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The chronological tables serve as the organizational backbone of the CD. Users are welcome to follow links within entries toward other areas of interest, but as most articles have only a few links, it is difficult to stray too far from the chronological plan. The "martyrs" entry (advanced-track, early church section), for instance, links to "relics," which in turn links to "crusades" (in the medieval section), but "crusades" links only to the medieval entries for "Jerusalem" and "Constantinople." These entries, which are different from the Early Church entries for the same cities, double back to "crusades" without giving much information. To get to "Islam," a logical cross-reference for "crusades," the user must return to the medieval chronological table. Oddly, the CD is not searchable.

As flashcards make little sense to students who have not read the textbook, the Christian History Tutor may confuse users who have never taken a church history class or read an overview like Bruce Shelley's Church History in Plain Language or Mark Noll's Turning Points. But church history enthusiasts seeking to deepen their knowledge or teach church history to others should find this a helpful resource. It would work well in a homeschool setting, too.

Elesha Coffman is the former managing editor of Christian History.

Related Elsewhere

The Christian History Tutor can be purchased through Luther Productions at or at

The Christian History Interactive CD-ROM features longer articles (from Christian History magazine) but doesn't have quizzes.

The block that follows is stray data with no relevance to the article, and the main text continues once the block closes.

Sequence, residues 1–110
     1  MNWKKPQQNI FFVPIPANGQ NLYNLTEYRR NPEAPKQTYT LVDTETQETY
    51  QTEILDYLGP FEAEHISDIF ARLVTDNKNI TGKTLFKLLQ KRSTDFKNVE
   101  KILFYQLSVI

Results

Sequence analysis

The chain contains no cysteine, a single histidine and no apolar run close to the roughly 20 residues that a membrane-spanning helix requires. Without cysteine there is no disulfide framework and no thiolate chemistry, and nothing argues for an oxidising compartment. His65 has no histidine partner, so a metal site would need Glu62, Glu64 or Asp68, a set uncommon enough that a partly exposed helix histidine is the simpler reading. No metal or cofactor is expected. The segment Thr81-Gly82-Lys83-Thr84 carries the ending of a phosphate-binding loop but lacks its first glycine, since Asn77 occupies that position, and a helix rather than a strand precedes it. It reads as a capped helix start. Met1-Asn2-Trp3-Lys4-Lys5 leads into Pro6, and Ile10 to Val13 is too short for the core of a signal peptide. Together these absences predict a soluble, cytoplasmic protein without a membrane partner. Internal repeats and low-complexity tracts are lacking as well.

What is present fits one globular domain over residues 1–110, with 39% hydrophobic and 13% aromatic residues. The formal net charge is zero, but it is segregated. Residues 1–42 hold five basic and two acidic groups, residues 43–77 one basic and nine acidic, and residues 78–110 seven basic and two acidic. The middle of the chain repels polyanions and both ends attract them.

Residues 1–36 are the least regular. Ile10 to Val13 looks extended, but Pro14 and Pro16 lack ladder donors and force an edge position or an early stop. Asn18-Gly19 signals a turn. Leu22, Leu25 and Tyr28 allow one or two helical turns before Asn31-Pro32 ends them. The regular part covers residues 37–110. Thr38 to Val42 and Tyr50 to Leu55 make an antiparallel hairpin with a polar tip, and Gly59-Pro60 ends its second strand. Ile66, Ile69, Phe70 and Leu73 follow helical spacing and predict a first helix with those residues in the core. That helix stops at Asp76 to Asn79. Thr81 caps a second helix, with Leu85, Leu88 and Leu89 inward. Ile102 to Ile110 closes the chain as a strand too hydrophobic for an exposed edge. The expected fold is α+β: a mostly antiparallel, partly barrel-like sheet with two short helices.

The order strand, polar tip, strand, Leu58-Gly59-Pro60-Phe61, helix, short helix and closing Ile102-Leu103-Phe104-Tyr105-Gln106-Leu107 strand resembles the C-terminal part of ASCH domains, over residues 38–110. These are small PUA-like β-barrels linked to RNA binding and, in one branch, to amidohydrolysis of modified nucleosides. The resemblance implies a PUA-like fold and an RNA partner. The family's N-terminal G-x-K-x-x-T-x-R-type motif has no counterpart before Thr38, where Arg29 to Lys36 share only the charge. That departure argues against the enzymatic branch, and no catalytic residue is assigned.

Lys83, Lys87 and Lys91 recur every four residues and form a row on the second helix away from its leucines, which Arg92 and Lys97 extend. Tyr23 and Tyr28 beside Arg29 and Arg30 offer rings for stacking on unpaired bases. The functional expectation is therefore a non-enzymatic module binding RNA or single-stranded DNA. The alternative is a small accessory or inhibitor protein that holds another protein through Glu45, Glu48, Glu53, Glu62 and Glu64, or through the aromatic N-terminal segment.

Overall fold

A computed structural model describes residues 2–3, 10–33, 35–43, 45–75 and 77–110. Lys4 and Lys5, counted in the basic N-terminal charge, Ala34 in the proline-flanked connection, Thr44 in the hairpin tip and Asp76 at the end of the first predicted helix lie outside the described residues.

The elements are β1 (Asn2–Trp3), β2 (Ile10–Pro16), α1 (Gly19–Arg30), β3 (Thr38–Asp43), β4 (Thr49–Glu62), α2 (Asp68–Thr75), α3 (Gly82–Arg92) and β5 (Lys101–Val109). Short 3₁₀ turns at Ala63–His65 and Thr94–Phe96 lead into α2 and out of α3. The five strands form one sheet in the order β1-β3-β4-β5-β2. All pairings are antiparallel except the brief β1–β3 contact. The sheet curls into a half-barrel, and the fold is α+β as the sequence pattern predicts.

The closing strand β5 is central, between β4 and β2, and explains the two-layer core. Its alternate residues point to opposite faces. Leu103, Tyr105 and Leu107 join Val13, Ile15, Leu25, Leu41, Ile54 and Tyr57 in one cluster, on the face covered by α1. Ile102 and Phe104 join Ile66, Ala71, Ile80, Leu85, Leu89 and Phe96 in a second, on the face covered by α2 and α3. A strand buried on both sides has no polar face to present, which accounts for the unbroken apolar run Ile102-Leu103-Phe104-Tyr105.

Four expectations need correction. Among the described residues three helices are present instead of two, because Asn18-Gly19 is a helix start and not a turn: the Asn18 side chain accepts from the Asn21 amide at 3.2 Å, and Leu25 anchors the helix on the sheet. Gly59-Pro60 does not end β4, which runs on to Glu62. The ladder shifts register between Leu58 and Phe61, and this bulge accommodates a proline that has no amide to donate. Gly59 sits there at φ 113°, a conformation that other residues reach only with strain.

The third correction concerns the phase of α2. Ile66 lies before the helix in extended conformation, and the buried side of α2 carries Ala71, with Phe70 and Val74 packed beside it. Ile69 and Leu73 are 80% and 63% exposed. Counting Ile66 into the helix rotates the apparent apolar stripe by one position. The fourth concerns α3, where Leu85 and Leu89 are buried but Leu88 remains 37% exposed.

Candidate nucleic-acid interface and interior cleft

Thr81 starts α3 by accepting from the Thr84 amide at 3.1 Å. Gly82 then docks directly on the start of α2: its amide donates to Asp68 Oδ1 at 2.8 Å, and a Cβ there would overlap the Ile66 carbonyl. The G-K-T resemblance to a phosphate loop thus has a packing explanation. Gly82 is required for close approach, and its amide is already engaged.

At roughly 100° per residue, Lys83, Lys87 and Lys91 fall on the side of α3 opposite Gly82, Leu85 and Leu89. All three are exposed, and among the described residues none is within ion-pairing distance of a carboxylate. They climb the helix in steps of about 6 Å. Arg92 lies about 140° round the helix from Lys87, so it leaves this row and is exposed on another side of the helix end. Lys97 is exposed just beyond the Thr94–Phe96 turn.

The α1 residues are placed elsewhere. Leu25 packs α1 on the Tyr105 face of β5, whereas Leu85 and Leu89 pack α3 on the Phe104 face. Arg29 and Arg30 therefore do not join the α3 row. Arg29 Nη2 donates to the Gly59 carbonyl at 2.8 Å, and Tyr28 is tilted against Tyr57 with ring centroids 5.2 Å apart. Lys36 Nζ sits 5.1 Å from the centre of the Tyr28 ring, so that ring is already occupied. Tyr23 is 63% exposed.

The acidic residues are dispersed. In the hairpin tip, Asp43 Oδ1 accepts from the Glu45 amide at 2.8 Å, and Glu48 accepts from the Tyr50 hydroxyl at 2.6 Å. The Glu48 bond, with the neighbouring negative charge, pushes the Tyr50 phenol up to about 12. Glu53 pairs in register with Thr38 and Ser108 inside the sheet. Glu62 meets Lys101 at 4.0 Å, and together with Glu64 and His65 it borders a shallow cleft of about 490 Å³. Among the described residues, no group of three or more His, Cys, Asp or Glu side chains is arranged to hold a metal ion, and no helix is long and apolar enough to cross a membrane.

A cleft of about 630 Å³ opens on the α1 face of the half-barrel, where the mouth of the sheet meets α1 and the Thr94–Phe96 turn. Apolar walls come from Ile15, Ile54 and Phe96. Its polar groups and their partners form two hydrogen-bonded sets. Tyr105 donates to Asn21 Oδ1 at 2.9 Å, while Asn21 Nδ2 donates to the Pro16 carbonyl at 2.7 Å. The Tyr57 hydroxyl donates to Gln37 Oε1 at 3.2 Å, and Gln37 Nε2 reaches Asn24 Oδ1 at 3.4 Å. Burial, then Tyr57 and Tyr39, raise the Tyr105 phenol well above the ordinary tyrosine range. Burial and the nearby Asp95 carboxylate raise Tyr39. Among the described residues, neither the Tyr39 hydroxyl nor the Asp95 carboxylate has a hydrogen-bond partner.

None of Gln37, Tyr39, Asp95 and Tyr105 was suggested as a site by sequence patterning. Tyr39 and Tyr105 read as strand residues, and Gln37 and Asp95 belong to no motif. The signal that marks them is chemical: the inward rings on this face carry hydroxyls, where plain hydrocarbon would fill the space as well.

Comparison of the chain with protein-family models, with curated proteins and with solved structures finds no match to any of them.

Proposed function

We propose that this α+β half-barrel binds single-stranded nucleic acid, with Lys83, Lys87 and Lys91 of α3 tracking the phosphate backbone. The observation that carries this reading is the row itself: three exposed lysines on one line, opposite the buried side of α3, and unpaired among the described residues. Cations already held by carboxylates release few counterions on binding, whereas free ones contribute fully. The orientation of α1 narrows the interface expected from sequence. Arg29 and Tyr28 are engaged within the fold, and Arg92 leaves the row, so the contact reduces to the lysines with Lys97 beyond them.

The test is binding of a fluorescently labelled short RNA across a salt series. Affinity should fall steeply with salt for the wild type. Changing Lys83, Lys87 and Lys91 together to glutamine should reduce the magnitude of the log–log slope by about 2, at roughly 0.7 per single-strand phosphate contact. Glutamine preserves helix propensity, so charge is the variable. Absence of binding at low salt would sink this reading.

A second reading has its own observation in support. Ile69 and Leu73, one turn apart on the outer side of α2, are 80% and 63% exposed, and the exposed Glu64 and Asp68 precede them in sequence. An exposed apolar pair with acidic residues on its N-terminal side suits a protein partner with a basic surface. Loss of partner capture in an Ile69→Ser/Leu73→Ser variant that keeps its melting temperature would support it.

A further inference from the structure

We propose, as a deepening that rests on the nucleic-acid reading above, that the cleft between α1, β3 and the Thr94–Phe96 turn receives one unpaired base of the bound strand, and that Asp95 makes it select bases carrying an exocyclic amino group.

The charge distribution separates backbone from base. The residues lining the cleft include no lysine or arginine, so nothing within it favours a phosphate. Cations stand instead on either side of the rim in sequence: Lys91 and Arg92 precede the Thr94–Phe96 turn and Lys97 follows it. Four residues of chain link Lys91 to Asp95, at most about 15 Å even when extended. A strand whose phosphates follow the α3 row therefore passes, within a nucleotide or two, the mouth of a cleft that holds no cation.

More Christian History, including a list of events that occurred this week in the church's past, is available at Subscriptions to the quarterly print magazine are also available.

Christian History Corner appears every Friday at Previous editions include:

How the Early Church Saw Heaven | The first Christians had very specific ideas about who they would meet in the afterlife (Aug. 9, 2002)
Divvying up the Most Sacred Place | Emotions have historically run high as Christians have staked their claims to the Church of the Holy Sepulchre (Aug. 2, 2002)
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Legacy of an Ancient Pact | Why do Christians still chafe under restrictions in some Muslim nations? It all started with Umar (July 26, 2002)
Big Church Revival | Christian gyms and shopping malls may be new, but full-service megachurches are positively medieval. (July 19, 2002)
Phantom Saints | Juan Diego could soon join a long line of pious, exemplary, and quite possibly imaginary Catholic heroes. (July 12, 2002)
2002 Is Not 1789 | Before trying to figure out what the framers of the Constitution really thought, remember that they were from a wildly different country—the past (July 5, 2002)
Between Extremes | Church leaders didn't like Pelagius's ideas about free will, but they've never been able to avoid them completely (June 28, 2002)
Severe Success | Bernard of Clairvaux was a tough act to follow—yet thousands of Christians walked his path. (June 21, 2002)
Coming to America | Commentators who call proposed INS policies an unprecedented invasion of privacy forget what foreign visitors were asked 80 years ago, and why. (June 14, 2002)
When Pacifists Attack | 350 years ago, George Fox launched a powerful, peace-loving movement with an assault on established Christianity. (June 7, 2002)
Captive Christians | Views from inside Roman, English, and German prisons give a sense of how kidnapped missionaries might feel. (May 31, 2002)